After reading the AILA protocol, we hope you consider starting your meetings with an Acknowledgment of Country. Or add to your email signature or integrate into written publications.

 

Tilly Caddy



RAP Implementation Committee Update 14/08/19

Kaya

How great was it to see all the amazing AILA WA projects displayed across the many Aboriginal countries at the recent AILA WA awards?!  It is certainly good to have a visual reminder of the many Aboriginal nations we work across in our profession.  Having our awards, and a majority of our work on the lands of the Wadjuk people it was wonderful that we had Karen Jacobs, Wadjuk Traditional Owner,  Welcome us to Country.  Hearing her speak about her experience running a landscape business as an Aboriginal women in WA was one of the highlights of the night.

The RAP team are continuing to implement our WA actions beyond the awards and Naidoc week.  We have reached out to most WA firms to seek input on where you stand with your own RAP or how your business may work with the AILA RAP to continue to build  positive relationships between Indigenous people and the landscape architecture profession.  We will continue to touch base with individual companies to strengthen opportunities to implement the RAP, however if you would like to hear from us sooner, or get involved, please email wa@aila.org.au to receive our recent minutes and an invite to our next meeting.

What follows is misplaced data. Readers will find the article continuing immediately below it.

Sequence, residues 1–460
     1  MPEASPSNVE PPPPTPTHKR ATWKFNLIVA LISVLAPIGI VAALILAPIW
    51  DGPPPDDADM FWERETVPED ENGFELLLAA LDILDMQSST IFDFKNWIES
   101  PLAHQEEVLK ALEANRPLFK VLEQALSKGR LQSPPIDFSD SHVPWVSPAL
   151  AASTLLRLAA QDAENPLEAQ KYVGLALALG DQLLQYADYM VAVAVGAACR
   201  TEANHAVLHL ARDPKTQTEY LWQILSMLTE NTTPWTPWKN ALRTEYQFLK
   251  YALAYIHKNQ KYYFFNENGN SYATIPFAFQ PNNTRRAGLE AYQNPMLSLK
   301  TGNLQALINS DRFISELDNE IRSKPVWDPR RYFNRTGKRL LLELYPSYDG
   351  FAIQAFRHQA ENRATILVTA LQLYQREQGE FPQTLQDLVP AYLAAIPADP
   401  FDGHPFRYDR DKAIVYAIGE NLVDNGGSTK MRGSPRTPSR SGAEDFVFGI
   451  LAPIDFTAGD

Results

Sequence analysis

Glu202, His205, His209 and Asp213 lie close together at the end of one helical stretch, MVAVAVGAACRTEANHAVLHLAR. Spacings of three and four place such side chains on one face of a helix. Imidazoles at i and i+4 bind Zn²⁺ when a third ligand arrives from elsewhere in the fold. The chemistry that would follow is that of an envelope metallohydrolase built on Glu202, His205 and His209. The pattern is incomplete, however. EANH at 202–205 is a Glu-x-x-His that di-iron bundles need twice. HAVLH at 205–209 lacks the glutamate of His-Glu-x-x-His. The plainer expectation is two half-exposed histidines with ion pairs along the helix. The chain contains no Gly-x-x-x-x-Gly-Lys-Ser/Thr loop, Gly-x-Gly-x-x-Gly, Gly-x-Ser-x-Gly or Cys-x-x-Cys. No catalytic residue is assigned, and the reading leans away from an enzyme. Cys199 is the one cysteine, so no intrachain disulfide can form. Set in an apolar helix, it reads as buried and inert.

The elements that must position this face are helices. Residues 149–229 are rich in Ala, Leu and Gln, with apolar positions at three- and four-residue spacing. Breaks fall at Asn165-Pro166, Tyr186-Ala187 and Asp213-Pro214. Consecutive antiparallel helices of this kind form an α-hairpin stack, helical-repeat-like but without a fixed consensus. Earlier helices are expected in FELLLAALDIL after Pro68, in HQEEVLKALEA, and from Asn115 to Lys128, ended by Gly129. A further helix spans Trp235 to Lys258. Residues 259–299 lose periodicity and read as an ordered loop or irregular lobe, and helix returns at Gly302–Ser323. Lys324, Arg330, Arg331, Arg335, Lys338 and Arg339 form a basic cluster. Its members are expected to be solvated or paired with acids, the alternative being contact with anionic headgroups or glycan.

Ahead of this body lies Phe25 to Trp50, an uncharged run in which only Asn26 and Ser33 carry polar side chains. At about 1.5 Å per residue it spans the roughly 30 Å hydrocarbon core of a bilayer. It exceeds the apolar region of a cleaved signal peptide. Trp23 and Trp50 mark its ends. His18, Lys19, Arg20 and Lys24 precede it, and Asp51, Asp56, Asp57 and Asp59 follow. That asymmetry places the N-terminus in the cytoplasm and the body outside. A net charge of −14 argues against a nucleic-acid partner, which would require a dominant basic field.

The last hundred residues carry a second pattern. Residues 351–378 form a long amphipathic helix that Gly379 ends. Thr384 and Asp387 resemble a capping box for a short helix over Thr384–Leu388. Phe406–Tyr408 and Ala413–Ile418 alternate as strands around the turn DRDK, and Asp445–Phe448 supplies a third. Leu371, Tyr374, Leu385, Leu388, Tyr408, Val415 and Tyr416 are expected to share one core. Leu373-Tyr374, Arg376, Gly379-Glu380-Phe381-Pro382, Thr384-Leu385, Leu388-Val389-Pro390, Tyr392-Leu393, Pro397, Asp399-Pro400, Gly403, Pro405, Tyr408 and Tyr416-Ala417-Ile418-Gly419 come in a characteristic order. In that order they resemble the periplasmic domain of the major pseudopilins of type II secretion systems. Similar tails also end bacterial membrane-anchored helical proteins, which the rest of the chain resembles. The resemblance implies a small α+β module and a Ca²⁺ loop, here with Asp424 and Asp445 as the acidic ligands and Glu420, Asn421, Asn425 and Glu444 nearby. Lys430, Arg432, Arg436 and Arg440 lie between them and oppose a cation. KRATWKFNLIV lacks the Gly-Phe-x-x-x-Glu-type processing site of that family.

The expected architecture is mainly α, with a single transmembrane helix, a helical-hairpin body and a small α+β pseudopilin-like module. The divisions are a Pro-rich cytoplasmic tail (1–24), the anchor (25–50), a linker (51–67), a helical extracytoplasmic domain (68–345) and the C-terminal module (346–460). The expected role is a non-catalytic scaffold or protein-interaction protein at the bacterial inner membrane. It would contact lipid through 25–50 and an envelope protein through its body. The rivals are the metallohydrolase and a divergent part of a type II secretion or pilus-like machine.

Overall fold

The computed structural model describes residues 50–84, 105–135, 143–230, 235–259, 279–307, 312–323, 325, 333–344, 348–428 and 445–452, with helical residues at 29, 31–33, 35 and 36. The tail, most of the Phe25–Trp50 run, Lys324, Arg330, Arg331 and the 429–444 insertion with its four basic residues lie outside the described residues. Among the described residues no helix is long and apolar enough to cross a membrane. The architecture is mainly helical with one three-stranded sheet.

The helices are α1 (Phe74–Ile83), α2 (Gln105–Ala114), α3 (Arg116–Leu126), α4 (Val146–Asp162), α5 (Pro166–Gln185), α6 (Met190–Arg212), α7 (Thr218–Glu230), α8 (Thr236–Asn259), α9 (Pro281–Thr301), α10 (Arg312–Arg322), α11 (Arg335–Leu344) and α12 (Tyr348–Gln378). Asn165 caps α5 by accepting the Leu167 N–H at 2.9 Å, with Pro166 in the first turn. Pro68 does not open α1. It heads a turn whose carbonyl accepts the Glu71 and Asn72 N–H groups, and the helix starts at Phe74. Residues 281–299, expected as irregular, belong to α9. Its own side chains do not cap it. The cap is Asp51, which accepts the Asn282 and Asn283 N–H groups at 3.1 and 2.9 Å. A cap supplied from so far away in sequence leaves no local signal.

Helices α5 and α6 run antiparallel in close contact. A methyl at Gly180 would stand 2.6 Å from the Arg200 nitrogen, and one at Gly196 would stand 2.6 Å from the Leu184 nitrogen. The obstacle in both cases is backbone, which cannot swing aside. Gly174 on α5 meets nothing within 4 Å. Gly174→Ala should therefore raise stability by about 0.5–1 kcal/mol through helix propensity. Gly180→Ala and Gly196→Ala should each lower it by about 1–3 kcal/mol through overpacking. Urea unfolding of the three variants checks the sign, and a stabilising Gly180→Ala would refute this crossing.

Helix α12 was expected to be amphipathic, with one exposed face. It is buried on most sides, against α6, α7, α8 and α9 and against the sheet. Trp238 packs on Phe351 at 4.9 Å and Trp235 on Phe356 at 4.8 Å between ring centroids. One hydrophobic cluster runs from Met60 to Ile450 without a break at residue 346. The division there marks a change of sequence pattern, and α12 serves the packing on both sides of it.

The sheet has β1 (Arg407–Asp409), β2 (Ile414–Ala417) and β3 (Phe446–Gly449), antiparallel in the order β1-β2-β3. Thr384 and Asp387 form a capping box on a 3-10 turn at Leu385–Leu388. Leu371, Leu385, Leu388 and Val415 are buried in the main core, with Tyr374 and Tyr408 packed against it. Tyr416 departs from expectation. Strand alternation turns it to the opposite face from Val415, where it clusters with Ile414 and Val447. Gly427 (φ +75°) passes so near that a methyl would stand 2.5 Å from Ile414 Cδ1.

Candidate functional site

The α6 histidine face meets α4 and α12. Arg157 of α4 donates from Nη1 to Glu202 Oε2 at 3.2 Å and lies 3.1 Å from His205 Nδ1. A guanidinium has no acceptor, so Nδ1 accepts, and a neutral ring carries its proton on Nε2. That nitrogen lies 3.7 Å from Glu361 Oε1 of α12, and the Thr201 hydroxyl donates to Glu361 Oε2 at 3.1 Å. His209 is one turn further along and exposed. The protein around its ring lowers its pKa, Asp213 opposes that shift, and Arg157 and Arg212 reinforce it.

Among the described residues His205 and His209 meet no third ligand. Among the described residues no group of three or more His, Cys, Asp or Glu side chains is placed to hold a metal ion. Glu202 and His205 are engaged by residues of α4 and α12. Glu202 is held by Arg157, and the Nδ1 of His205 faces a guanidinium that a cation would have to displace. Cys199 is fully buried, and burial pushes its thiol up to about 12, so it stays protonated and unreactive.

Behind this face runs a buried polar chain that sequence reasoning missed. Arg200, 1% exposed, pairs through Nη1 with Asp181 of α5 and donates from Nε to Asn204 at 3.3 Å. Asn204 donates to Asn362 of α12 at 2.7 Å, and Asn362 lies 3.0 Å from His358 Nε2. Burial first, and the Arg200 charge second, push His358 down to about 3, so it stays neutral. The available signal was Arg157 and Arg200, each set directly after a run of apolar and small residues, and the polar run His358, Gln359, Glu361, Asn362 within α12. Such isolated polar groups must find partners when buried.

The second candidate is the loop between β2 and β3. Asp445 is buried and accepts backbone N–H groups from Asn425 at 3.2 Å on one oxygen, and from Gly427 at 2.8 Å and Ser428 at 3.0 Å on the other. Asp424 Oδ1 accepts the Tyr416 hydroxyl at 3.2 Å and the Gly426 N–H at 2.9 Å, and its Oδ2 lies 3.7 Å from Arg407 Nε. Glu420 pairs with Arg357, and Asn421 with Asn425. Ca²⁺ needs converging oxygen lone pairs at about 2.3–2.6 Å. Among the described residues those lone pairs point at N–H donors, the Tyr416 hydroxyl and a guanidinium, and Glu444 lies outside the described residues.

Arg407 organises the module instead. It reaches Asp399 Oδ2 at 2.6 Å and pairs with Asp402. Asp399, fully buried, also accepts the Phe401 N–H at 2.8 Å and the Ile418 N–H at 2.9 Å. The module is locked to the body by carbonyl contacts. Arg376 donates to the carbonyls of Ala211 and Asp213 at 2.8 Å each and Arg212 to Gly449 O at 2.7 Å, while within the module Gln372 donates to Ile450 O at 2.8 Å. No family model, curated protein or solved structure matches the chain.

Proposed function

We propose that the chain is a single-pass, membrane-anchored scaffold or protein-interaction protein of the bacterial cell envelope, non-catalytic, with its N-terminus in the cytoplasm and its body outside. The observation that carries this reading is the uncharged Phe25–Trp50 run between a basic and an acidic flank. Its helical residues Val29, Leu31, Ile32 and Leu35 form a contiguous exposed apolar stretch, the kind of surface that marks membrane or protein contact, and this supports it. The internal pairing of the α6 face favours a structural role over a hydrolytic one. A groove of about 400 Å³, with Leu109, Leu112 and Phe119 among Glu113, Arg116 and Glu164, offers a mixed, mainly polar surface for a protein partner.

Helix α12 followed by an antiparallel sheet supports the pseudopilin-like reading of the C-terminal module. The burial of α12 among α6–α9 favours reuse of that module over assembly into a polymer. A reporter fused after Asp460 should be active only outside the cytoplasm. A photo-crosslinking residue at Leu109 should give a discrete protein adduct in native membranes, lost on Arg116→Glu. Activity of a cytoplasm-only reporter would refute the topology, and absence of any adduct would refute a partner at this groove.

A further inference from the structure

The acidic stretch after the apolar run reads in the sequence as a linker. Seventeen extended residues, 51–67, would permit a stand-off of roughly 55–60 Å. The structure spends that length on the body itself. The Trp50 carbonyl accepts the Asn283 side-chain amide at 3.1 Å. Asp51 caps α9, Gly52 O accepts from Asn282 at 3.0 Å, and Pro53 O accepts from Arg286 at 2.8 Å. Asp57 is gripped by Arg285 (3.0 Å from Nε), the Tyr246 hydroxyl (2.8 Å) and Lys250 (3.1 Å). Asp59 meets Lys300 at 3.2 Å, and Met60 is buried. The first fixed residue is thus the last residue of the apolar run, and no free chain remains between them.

Shea Hatch

RAP Committee Update - 17/07/19

Kaya!

Hope you all managed to get along to some NAIDOC events last week, but what other opportunities are there to engage with Aboriginal culture the rest of the year?

  • The Walyalup Aboriginal Cultural Centre (WACC) in Fremantle run classes and courses all year round themed by the Noongar seasons, Makuru, Djilba, Kambarang, Birak, Bunuru and Djeran.These include Noongar storytelling, art workshops and language classes.https://www.facebook.com/Walyalup/
  • Curtin University offers a Noongar Language and Culture course online.This comes highly recommended from RAP committee member Tilly Caddy! https://www.edx.org/course/noongar-language-and-culture-0
  • The Western Australian Indigenous Tourism Operators Council (WAITOC) is a great resource for finding tours and other Aboriginal programs and businesses.https://waitoc.com/
  • Read ‘Dark Emu. Black seeds: agriculture or accident’ by Bruce Pascoe.Or read the kids in your life ‘Young Dark Emu’.Pascoe challenges the colonial myth of the hunter gatherer and takes an in depth look at Aboriginal land management practices.
  • Attend Social Impact Festival 2019:Danjoo Koorliny Walking Together Towards a Just and Sustainable Society.Held this week at UWA and for the first time has been designed and led by Aboriginal leaders.https://socialimpactfestival.org/
  • Read this great article by National NAIDOC committee member Shannan Dodson ‘8 Things You Can Do Right Now to Be a Better Indigenous Ally. https://10daily.com.au/views/a190712rkzuj/8-things-you-can-do-right-now-to-be-a-better-indigenous-ally-20190712

 The RAP implementation committee and AILA WA are working towards offering more cultural CPD events for members throughout the year, so watch this space!  If you know of a great resource or event you think members would be interested in, let us know.


Rasheen Lee

AILA WA RAP Implementation Committee